During the ILRI-hosted livestock fish Mega Program stakeholder meeting in August, Steve Hall, Director General of the WorldFish Center introduced the process of change in the CGIAR.
He highlighted four major changes in the new CGIAR:
- from 15 independent centers to 1 consortium
- from diffuse priorities to 15 Mega Programs
- from funded Centers to funded Mega Programs
- from recognition of impact to a focus on impact
He introduced 3 system level ‘strategic results’ (Lift productivity and reduce poverty; Contribute to sustainability and resource efficiency; Contribute to reduction of hunger and improved nutrition), and the concept of 15 mega programs (clustered in 7 areas) to achieve those results
Within this, the Livestock Fish Mega Program comprises
- Over-arching aim: To increase national and regional scale food and nutrition security by increasing livestock and fish production;
- Focal Beneficiaries: Livestock and Fish producers and consumers and developing country and regional economies;
- Geographic Focus: Countries or places where large scale increases in livestock or fish production is possible.
Reflecting on the process, he noted the ‘grand ambition’ of the change process, asking the recurring question: ‘where’s the new money’?
His answer: “a qualified yes – but it will not be a massive slug of new funding coming into the CGIAR system”. The money for the CGIAR will come through these mega programs.
He pointed out the massive potential for aligned and joined up work with many other partners in the new system. This results from a programmatic drive to make a difference, that will align resources and mobilize investments to make a much greater impact, in development. “If we get this right, we will get support. If we get it wrong or continue as before, we will wither on the vine.”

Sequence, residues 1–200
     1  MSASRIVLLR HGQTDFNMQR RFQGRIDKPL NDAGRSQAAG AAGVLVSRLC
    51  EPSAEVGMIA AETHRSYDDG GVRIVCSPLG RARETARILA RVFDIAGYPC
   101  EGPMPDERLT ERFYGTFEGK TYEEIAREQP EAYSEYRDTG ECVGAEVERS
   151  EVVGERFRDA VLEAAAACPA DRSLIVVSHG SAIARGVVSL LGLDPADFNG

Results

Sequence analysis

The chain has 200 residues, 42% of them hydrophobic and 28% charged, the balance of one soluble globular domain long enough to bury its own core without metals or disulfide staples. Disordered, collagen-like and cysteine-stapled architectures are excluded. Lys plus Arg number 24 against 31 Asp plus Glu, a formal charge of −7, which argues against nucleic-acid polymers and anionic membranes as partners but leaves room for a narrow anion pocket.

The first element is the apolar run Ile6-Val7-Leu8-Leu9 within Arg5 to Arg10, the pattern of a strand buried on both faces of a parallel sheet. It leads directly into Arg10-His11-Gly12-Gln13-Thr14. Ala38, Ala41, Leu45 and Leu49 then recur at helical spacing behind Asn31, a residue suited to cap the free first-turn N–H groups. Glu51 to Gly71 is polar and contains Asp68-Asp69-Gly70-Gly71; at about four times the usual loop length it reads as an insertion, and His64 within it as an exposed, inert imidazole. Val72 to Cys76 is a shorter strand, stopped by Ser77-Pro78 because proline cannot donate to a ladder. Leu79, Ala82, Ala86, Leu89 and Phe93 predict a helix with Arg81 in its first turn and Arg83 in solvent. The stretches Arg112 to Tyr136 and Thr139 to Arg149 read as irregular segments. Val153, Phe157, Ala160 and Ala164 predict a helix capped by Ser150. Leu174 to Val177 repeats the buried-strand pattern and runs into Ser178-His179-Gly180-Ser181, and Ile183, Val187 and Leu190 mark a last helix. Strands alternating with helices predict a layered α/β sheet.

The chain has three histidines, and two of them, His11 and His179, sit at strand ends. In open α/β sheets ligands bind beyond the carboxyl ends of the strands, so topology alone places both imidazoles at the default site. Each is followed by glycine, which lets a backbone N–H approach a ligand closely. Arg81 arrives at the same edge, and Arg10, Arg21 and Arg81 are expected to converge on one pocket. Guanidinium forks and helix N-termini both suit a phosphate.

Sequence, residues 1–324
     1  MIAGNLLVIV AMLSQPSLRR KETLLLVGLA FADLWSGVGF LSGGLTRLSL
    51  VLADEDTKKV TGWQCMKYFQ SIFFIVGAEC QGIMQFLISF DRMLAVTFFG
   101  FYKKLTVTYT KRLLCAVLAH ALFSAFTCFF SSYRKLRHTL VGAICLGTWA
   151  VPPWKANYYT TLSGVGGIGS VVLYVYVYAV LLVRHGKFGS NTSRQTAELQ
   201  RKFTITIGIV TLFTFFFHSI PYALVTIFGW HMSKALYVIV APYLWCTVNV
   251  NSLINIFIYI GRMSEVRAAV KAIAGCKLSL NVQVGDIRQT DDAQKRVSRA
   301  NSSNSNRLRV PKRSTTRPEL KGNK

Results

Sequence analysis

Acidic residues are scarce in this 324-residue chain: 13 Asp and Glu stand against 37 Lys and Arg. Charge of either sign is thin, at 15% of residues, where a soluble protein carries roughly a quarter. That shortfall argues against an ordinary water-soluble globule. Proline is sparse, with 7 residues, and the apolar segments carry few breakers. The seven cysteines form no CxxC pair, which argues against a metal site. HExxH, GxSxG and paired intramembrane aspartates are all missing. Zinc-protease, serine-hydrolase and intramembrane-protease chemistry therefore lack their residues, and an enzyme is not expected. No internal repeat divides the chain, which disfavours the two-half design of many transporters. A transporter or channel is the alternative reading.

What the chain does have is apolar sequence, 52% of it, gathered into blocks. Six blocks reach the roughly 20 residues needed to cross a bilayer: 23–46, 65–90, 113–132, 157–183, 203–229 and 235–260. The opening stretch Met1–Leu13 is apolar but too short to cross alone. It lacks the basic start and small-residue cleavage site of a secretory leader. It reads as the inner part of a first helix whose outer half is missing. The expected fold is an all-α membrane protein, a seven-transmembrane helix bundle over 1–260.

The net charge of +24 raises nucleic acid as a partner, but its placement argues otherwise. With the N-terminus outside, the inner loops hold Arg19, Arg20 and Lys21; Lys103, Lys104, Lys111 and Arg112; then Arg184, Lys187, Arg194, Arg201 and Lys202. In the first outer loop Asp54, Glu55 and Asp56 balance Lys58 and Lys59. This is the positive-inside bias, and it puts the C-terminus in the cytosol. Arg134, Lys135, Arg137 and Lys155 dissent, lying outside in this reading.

He concluded with several key messages:
This is going to be a radical shift in doing business, impacting the evolving roles and culture of the CGIAR:
- Moving towards a programmatic commitment to deliver impact – “that will link science more profoundly to development.”
- Adopting new ‘BBC’ roles for the CGIAR – as ‘bridge’ of best research to development; as ‘broker’ of partnerships; and as catalyst’ for change.
- With a radically new approach to partnership in the centers: to “How can we help?” instead of “Here’s what we want”; to “Thinking with” from the outset; and towards aligned incentives and interests (commitment to win-win).
In his view, the emerging role for the future CGIAR is to help make development happen (through BBC) and learning how to do development better, with partners
In response to questions, Hall emphasized that this is still a ‘work in progress’ in terms of some of the necessary organizational changes. On the CGIAR’s role in implementation, he emphasized that Centers envisage much stronger links through partnering, where needed, to bring Center research closer to development needs. On partnerships, he emphasized that the center of gravity needs to be closer to the needs of other partners and where the CGIAR can help, rather than the traditional CGIAR search for the partners it needs.
View his presentation: